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International Journal of Dentistry
Volume 2009 (2009), Article ID 515790, 4 pages
http://dx.doi.org/10.1155/2009/515790
Case Report

Prosthodontic Rehabilitation Alternative of Patients with Cleft Lip and Palate (CLP): Two Cases Report

Department of Prosthodontics, Dental Faculty, Dicle University, Diyarbakîr 21280, Turkey

Received 6 August 2009; Accepted 16 November 2009

Academic Editor: Izzet Yavuz

Copyright © 2009 Emrah Ayna et al. This is an open access article distributed under the Creative Commons Attribution License, which permits unrestricted use, distribution, and reproduction in any medium, provided the original work is properly cited.

Abstract

Although patients with cleft lip and palate (CLP) are not seen regularly in general dental practice, this is a frequent congenital anomaly; approximately one in every 800 live births results in a CLP. The cause of CLP is unknown, but possible causes are malnutrition and irradiation during pregnancy, psychological stress, teratogenic agents, infectious agents (viruses), and inheritance. Most clefts are likely caused by multiple genetic and nongenetic factors. Prosthetic reconstruction of the anterior maxilla is important for these patients. This paper describes the prosthetic rehabilitation of two patients with CLP, 19-year-old and 21-year-old women, both with surgically treated CLP. In both, an examination revealed a residual palatal defect of  mm and missing maxillary lateral incisors. The 19-year-old was treated with a fiber-reinforced composite resin-bonded fixed partial denture. The 21-year-old was treated with a removable partial denture with an extracoronal attachment system. The prosthetic rehabilitation of the two patients with CLP was evaluated clinically. In both, well-planned prosthetic, periodontal, and surgical therapy resulted in satisfactory function and esthetics, alleviating their deformities. With education and appropriate recall, the patients should be able to maintain their oral health.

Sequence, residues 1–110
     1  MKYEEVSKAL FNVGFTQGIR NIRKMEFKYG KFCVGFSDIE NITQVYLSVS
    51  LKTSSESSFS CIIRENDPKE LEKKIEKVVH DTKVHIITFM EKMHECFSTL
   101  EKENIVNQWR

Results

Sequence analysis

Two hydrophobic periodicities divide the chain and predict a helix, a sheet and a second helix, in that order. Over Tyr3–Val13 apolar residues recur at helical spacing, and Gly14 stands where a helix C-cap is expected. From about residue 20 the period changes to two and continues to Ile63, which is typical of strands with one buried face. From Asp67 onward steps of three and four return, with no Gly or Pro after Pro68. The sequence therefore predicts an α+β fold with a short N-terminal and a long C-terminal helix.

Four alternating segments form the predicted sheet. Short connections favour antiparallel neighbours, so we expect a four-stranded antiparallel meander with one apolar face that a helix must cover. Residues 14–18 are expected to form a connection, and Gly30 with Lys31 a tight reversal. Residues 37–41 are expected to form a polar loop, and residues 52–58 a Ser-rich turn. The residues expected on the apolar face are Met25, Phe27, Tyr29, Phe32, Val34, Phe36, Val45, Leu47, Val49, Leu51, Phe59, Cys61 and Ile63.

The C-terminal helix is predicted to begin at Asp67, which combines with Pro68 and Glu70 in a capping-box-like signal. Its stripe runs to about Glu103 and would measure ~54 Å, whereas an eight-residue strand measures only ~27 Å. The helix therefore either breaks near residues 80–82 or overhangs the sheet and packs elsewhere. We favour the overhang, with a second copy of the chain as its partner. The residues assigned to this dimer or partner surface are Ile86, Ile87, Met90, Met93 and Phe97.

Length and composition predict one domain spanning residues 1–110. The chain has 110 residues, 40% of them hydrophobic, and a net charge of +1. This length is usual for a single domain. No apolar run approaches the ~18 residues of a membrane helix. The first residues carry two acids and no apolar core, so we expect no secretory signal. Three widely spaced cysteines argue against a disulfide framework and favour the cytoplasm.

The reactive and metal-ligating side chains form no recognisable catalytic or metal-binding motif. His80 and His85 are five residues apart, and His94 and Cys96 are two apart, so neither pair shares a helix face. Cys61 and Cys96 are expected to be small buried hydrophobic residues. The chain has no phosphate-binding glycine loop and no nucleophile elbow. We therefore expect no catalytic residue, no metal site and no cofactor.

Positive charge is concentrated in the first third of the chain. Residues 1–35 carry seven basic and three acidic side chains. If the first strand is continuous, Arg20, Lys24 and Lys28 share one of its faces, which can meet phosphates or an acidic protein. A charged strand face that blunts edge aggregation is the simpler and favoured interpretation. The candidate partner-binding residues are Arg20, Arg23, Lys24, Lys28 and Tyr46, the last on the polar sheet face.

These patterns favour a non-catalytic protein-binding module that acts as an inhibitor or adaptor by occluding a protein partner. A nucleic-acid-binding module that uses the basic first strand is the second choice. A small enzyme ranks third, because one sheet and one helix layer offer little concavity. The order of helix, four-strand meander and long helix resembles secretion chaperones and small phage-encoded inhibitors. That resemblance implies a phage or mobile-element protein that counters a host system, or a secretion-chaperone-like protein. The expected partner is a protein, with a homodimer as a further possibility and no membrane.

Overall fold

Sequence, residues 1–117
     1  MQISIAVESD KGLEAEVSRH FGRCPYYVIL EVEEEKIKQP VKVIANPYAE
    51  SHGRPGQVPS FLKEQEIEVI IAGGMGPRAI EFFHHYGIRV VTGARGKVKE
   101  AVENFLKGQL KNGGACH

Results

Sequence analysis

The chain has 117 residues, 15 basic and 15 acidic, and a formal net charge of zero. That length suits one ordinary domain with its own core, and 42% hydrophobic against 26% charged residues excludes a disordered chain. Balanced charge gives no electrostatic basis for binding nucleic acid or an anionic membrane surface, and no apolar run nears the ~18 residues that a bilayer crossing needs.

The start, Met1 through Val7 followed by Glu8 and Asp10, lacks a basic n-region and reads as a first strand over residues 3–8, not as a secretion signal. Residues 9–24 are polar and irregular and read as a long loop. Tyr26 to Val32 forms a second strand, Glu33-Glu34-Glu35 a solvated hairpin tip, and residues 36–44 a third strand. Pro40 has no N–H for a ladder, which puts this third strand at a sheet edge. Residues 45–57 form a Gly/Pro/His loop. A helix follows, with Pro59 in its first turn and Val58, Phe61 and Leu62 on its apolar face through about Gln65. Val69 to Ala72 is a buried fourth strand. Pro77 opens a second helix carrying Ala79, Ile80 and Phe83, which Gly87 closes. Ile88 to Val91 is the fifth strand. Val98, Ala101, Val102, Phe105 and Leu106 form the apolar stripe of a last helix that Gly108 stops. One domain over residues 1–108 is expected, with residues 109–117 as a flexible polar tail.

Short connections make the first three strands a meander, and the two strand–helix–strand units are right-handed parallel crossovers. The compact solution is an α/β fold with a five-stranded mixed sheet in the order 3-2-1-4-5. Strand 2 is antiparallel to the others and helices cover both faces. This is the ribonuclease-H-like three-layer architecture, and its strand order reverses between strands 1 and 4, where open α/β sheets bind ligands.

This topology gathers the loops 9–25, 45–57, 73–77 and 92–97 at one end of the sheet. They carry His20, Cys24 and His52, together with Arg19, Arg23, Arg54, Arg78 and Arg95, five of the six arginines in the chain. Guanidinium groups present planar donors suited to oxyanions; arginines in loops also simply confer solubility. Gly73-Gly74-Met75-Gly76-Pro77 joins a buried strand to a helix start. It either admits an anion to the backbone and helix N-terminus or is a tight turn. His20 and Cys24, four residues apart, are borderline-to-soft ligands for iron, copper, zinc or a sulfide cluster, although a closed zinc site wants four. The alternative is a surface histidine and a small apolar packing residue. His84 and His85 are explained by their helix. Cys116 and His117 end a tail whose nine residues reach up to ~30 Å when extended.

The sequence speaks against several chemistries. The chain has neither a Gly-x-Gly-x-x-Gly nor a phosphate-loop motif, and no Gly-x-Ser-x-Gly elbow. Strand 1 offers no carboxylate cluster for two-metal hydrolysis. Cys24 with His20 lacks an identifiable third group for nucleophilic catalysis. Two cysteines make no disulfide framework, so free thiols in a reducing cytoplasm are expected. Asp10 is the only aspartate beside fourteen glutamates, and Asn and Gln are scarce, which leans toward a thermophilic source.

1. Introduction

Providing maxillofacial prosthetic treatment for patients with congenital and craniofacial defects not only should address physical and functional deficiencies but also should ideally evaluate the possible psychological effects of these deformities [1].

Over the years, we have observed that patients with partial anodontia, cleft lip and palate, amelogenesis imperfecta, dentinogenesis imperfecta, ectodermal dysplasia, and neurological defects frequently have physical anomalies. These anomalies include, but are not limited to, decreased vertical dimensions of occlusion, decreased facial support, temporomandibular joint symptoms, lack of functional occlusion, altered speech, poor esthetics, teeth sensitivity due to abnormal wear and abrasion, lack of a normal smile line, and altered anatomy in the lower third of the face. These patients often require a combination of dental and medical specialists to improve these functional and esthetic problems. Maxillofacial prosthodontic treatment offers improvement in the appearance, function, and health of patients with congenital and craniofacial defects [1].

Although patients with cleft palate may not be seen regularly in general dental practice, this is a frequent congenital anomaly; approximately one in every 800 live births results in a cleft lip and palate [14]. The cause of cleft lip and palate is unknown, but possible causes are malnutrition and irradiation during pregnancy, psychological stress, teratogenic agents, infectious agents (viruses), and inheritance [4]. Most clefts are likely caused by multiple genetic and nongenetic factors [5]. Currently, owing to the increased knowledge of craniofacial growth and development and improved surgical and orthodontic treatment, patients with cleft palate receive better care and in a timelier fashion [6]. Therefore, they require less prosthetic intervention. Still, prosthetic treatment retains an important, if somewhat diminished, place in cleft palate care [7].